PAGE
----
widely accessible and available to the biology community at large[23]. Here we present a
microfluidic platform capable of addressing this challenge, taking versatile microfluidics into
the laboratories of the wider scientific community at low cost and without the need for special-
ist equipment or expertise.
Recently, extrusion based 3D printing (fused filament fabrication (FFF)) has developed into
a readily available consumer technology. As ease of use and resolutions have improved, and
prices fallen, the ability to create custom objects quickly and easily has become available to all,
causing a paradigm shift in small scale manufacturing. The ease of creating custom objects and
devices cheaply and easily is democratising previously specialist areas of manufacturing, greatly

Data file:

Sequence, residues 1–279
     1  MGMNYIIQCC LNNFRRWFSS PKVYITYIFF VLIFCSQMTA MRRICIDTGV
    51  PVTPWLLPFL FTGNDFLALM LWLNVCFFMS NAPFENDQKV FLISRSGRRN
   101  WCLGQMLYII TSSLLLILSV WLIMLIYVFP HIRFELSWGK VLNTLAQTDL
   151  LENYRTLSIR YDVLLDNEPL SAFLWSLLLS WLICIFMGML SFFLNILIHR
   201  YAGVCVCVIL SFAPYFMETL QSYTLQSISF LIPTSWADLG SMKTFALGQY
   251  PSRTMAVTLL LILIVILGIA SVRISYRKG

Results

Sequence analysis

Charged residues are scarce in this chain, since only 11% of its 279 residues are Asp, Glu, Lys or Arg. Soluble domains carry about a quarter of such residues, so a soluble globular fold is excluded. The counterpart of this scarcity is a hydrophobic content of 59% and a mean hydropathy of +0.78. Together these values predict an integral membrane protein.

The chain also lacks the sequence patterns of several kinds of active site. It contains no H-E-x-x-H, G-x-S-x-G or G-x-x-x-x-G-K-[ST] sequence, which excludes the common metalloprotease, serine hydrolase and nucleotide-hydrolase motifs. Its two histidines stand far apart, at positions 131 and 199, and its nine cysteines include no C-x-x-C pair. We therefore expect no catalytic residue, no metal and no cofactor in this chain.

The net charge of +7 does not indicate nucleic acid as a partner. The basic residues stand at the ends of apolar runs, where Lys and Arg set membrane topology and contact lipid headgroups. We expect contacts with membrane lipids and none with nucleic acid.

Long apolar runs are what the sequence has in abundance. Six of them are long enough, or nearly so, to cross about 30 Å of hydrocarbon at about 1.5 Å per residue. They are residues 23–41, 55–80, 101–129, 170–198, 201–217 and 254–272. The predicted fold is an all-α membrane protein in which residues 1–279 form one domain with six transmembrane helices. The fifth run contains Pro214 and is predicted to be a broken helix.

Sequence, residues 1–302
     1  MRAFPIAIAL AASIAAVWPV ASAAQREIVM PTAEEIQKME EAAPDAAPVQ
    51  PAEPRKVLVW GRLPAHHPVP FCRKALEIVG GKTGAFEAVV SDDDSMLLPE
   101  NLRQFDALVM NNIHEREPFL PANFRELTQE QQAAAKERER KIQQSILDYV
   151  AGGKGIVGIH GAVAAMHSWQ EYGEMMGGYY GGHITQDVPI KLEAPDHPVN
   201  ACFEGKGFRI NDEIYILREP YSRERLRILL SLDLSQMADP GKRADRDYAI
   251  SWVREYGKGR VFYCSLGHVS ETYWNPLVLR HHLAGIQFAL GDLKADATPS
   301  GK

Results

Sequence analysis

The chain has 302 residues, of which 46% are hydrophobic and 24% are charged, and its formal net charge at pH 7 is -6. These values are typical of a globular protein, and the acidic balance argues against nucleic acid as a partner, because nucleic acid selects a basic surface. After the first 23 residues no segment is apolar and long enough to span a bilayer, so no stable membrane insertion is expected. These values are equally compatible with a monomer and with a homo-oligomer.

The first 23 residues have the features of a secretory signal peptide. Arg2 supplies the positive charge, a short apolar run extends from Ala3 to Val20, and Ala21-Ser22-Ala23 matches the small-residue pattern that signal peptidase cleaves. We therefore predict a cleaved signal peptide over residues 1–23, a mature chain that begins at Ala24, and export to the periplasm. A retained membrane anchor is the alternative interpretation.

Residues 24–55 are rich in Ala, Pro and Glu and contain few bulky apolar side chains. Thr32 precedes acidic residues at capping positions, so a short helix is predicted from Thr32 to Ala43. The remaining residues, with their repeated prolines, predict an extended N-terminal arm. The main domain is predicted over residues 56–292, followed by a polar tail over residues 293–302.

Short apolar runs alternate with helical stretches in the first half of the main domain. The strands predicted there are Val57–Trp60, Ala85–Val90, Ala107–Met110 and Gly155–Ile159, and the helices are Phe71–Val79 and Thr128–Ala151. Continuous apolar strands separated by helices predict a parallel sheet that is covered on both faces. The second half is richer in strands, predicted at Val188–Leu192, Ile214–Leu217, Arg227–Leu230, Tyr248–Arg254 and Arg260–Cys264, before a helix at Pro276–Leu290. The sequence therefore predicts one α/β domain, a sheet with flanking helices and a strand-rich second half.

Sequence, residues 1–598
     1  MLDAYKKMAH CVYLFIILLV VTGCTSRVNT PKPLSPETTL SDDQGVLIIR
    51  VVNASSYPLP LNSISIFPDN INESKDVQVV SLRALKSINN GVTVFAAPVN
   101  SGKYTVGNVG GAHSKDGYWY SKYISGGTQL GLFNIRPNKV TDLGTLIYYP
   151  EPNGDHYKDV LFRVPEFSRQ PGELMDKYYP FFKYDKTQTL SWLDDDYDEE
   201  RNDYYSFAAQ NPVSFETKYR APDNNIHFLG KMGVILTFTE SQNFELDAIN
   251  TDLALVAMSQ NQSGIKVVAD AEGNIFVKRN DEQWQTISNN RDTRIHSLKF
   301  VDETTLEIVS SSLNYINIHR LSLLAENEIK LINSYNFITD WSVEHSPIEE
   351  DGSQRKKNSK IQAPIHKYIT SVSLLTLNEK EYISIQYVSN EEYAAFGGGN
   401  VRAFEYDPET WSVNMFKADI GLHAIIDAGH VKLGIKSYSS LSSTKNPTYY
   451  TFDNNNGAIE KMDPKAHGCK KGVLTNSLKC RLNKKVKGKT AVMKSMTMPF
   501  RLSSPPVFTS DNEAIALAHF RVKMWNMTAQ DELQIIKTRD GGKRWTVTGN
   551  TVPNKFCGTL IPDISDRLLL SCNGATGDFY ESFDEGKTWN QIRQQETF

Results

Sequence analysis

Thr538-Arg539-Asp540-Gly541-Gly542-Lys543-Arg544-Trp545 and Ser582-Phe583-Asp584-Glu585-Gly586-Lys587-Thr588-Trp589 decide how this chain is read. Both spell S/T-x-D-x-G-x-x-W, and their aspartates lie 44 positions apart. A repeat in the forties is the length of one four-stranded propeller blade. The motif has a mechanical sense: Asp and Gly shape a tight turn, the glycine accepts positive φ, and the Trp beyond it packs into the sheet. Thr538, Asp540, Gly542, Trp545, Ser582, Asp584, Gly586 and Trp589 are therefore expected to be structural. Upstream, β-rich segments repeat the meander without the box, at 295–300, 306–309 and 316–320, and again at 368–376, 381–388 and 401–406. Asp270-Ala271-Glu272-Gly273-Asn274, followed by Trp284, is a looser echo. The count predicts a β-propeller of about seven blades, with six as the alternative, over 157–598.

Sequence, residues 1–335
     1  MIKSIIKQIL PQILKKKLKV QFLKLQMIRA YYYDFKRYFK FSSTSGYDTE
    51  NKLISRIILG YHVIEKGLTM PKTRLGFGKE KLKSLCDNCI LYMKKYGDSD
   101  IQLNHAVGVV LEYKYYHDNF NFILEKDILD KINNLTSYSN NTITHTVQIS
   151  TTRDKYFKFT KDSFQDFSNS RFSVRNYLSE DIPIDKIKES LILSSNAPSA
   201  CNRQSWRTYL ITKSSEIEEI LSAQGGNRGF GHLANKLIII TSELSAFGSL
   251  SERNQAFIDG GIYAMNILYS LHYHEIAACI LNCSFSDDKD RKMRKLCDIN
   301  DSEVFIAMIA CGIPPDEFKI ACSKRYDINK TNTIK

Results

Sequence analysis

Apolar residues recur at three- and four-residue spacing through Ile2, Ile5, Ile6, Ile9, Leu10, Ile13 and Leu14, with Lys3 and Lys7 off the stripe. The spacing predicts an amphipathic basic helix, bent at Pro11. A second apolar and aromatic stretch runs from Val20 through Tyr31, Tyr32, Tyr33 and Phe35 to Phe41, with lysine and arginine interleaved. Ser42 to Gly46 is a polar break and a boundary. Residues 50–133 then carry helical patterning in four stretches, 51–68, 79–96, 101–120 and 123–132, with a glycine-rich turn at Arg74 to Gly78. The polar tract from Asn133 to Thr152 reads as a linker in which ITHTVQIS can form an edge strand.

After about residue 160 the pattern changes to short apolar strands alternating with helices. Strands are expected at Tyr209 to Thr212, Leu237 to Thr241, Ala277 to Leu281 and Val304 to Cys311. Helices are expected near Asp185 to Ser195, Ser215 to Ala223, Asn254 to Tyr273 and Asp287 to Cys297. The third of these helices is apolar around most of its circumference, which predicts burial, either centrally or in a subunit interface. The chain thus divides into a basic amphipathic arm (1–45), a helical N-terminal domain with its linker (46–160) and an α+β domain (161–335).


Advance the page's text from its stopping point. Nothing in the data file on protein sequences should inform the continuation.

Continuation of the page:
increasing the capability of non-experts, and allowing cheap and rapid prototyping and
production.
Until recently, 3D printing has been limited by resolution or cost of the printers [24,25].
However, recent advances mean that microfabrication is now possible off-the-shelf, without
sophisticated manufacturing centres [26] and advances continue apace meaning the possibili-
ties are likely to increase further still. 3D printing has been applied to micro- and millifluidics
in combination with other techniques [27] or as a fabrication process in its own right [22,24,
26,2831]. Stereolithography (SL) printing, which has been more commonly used for micro-
fluidics, involves the layer-by-layer photocuring of a polymer resin enabling the manufacture
of three-dimensional objects from a reservoir of liquid resin. The more prevalent and accessible
printing technology, fused filament fabrication (FFF), has often been discounted for the pro-